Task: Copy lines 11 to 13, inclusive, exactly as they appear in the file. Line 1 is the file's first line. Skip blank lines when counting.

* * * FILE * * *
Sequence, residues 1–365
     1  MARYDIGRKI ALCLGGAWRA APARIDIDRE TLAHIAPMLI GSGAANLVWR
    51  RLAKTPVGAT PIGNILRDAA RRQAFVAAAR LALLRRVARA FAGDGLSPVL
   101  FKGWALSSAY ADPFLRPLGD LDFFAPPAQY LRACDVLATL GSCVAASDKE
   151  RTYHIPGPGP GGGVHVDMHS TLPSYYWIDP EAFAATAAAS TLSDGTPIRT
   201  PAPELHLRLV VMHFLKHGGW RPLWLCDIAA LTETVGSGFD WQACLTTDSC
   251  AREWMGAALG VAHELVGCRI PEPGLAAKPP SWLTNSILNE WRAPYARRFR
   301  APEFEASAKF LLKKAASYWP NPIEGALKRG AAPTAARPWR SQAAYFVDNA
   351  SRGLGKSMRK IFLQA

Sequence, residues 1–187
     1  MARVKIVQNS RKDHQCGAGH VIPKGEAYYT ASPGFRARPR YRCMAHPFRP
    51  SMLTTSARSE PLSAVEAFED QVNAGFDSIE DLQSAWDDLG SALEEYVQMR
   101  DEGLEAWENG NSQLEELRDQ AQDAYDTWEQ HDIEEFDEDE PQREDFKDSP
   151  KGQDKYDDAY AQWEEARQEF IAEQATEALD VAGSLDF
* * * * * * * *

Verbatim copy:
     1  MARVKIVQNS RKDHQCGAGH VIPKGEAYYT ASPGFRARPR YRCMAHPFRP
    51  SMLTTSARSE PLSAVEAFED QVNAGFDSIE DLQSAWDDLG SALEEYVQMR
   101  DEGLEAWENG NSQLEELRDQ AQDAYDTWEQ HDIEEFDEDE PQREDFKDSP